Recent liquid concentrate developments in the US demonstrate
that effective new products can stem from combining existing technologies in
innovative ways. Kraft is leading this
innovation with its MiO brand.
MiO was introduced in March, 2011. It is sold in 1.62 ounce (48ml) containers
that can fit in a pocket. The container
allows the liquid concentrate to be dispensed into water one drop at a
time. It is available in fruit
flavour and functional energy enhancer
sublines. Also, it is calorie free, sweetened
Following the preparation instructions, each container
prepares 24 eight ounce (240ml.) servings.
The average price per litre (on a reconstituted basis) is about
US$0.70. This compares to US$0.60 per
(reconstituted) litre for liquid
concentrates in Western Europe.
While the product itself is a liquid concentrate, Kraft
refers to it as a liquid water enhancer.
In addition to the unique reference, there are two innovations. First is the packaging that makes MiO
portable and also allows for precise control of the amount of concentrate added
to water. The second innovation is in
the positioning of the product. MiO is
positioned as a liquid water enhancer that allows water to be customized to
individual taste at any time.
Despite the current niche nature of liquid concentrates in
the US (US$27mn. in retail sales in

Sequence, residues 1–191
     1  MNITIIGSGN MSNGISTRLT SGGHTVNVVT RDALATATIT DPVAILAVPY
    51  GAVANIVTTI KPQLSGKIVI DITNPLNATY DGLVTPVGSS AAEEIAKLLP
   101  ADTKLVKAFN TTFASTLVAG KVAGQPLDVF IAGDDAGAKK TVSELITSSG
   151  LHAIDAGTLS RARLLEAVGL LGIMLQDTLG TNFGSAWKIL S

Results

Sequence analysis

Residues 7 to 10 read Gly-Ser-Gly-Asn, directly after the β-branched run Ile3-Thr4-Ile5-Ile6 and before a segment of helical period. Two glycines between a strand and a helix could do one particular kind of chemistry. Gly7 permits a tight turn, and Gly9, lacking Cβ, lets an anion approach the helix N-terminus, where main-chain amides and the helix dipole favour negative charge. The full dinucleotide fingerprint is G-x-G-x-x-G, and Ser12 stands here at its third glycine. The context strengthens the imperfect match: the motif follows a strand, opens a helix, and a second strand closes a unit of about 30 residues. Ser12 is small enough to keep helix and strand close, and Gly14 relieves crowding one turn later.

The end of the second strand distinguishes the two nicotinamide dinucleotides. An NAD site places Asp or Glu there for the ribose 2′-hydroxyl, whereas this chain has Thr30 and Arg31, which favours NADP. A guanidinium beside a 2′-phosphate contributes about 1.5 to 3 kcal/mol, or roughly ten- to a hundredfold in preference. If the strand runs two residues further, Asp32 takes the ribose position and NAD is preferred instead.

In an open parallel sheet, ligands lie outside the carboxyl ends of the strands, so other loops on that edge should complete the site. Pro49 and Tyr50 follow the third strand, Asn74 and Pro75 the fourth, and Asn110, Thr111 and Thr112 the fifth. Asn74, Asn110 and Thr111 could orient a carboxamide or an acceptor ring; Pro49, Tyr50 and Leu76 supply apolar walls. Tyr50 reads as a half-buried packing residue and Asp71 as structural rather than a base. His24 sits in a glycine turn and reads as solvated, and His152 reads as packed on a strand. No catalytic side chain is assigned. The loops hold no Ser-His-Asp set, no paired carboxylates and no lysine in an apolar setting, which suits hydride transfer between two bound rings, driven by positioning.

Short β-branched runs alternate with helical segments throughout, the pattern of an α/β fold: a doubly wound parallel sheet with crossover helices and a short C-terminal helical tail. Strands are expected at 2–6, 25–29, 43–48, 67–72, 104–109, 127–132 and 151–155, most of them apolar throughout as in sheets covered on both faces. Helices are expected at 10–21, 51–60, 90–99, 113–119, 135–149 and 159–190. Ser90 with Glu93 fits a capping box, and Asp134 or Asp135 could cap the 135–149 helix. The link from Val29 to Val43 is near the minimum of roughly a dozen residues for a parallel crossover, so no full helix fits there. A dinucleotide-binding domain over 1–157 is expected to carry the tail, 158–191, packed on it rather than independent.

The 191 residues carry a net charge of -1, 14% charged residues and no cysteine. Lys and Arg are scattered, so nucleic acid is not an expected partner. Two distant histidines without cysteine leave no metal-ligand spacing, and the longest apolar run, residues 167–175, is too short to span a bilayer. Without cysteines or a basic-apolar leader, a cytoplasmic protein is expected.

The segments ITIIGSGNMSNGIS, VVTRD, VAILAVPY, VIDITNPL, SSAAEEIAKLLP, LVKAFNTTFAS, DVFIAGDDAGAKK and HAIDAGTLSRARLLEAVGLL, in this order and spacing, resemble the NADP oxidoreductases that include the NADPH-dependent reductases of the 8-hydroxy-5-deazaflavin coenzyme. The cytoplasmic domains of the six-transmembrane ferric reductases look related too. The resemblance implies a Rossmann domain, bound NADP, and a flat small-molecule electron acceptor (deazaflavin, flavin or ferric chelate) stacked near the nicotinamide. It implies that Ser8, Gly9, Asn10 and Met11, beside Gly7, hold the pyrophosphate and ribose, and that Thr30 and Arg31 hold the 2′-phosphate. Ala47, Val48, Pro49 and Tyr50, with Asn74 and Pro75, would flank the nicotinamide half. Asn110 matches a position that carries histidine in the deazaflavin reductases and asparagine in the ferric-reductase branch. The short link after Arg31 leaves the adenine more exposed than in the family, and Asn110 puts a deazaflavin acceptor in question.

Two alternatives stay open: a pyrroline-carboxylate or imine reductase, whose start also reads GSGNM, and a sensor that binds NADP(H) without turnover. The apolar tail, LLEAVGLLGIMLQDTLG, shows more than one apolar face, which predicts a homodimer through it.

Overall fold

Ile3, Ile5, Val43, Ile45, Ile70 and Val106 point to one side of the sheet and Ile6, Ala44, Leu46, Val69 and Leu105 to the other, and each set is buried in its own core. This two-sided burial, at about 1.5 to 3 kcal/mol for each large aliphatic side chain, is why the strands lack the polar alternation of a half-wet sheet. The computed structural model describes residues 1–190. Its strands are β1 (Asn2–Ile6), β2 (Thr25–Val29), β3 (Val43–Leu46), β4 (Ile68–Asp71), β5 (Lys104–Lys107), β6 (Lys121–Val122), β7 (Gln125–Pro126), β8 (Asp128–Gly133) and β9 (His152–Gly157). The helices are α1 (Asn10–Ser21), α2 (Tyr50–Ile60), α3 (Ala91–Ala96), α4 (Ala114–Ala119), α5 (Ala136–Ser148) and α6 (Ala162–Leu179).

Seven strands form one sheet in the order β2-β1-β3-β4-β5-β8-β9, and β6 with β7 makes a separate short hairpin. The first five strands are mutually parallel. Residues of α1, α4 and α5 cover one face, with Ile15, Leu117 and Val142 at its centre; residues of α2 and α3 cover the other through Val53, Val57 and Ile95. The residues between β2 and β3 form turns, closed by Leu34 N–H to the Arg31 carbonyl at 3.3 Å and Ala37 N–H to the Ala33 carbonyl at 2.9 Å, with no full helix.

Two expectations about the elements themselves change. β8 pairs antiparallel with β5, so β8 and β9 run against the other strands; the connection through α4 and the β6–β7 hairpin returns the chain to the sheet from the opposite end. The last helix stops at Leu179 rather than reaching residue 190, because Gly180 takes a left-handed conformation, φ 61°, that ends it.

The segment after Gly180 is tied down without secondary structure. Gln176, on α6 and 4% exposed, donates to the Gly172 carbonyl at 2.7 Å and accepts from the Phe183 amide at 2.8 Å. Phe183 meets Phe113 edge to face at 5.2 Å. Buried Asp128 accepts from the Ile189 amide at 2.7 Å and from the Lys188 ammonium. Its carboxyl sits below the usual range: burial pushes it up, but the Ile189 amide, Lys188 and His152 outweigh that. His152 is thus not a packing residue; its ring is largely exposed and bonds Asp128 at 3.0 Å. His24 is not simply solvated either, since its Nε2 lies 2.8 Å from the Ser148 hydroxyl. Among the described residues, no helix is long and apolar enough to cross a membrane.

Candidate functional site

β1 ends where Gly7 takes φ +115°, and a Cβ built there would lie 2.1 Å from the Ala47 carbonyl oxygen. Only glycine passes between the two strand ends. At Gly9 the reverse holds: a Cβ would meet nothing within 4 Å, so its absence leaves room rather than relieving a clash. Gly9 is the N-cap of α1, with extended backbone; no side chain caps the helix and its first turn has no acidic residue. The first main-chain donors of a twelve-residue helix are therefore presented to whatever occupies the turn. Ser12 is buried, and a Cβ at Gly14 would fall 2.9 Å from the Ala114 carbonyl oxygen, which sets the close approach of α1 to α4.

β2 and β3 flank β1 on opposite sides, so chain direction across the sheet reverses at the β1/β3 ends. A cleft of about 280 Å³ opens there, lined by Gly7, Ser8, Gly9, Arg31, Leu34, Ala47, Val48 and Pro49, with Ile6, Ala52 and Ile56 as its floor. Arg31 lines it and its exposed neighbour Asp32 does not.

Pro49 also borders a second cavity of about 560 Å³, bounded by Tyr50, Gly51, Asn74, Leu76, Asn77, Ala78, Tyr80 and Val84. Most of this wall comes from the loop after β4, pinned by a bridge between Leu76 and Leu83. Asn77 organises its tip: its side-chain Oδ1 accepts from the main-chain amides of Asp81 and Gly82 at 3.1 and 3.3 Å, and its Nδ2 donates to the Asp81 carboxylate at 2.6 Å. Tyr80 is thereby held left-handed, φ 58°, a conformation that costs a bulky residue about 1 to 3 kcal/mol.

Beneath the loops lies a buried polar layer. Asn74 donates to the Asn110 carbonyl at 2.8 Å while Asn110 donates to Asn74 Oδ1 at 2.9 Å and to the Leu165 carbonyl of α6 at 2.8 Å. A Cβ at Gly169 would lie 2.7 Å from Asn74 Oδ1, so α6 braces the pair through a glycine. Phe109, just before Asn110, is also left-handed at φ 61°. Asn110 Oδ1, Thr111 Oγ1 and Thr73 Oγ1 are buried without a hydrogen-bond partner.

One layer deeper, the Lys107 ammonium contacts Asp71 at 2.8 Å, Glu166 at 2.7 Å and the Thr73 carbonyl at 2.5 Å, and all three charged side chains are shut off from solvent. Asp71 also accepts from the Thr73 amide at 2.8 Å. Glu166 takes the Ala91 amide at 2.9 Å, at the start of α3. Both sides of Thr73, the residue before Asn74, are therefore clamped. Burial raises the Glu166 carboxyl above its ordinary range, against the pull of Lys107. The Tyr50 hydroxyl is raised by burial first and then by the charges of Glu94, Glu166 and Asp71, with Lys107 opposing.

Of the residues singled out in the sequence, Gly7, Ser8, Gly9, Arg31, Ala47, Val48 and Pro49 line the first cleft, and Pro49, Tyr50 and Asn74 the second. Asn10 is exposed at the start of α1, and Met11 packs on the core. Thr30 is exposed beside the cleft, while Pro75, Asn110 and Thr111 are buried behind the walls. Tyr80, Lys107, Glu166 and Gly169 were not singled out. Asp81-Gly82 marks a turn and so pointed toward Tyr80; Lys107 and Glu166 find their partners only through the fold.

2010-prior to MiO’s introduction), the category appears poised for rapid
This is evidenced by Coca-Cola introducing a competitor to
Kraft’s brand. Coca-Cola recently
announced it was introducing Dasani Drops in October. The major characteristics of Dasani Drops are
similar to MiO. It is a liquid
concentrate in a portable squeeze bottle (Coca-Cola’s press release states
“perfect for those on the go”) and is sugar free. The number of drops added to water can be
controlled so consumers can customize the flavour intensity.
The new competition most likely is good news for Kraft and
liquid concentrates. Kraft appears to
have succeeded in finding an effective positioning for the category (otherwise
Coca-Cola would not be entering) and they have had one and a half years to
establish a brand identity for MiO.
Coca-Cola’s marketing and distribution muscle will raise the
category profile at a faster rate than Kraft could do alone. This most likely will cause liquid
concentrates to grow at a faster rate than Kraft could accomplish. While Kraft will lose share, sales for MiO
should be higher than if Coca-Cola did not enter.
Kraft and Coca-Cola have identified a set of relevant
characteristics for success in liquid concentrates in the US (portable
container able to dispense sugar free concentrate one drop at a time). Assuming the category expands rapidly, there
should be room for more than two competitors.
This may present an opportunity for European liquid
concentrate manufacturers to enter the US market. These companies already have the technology
to make the product (although it may need to be made in a more concentrated format
to fit in a smaller container). Kraft
and Coca-Cola have demonstrated how to position it to consumers. Now is the time to enter, while consumer
buying habits are still developing.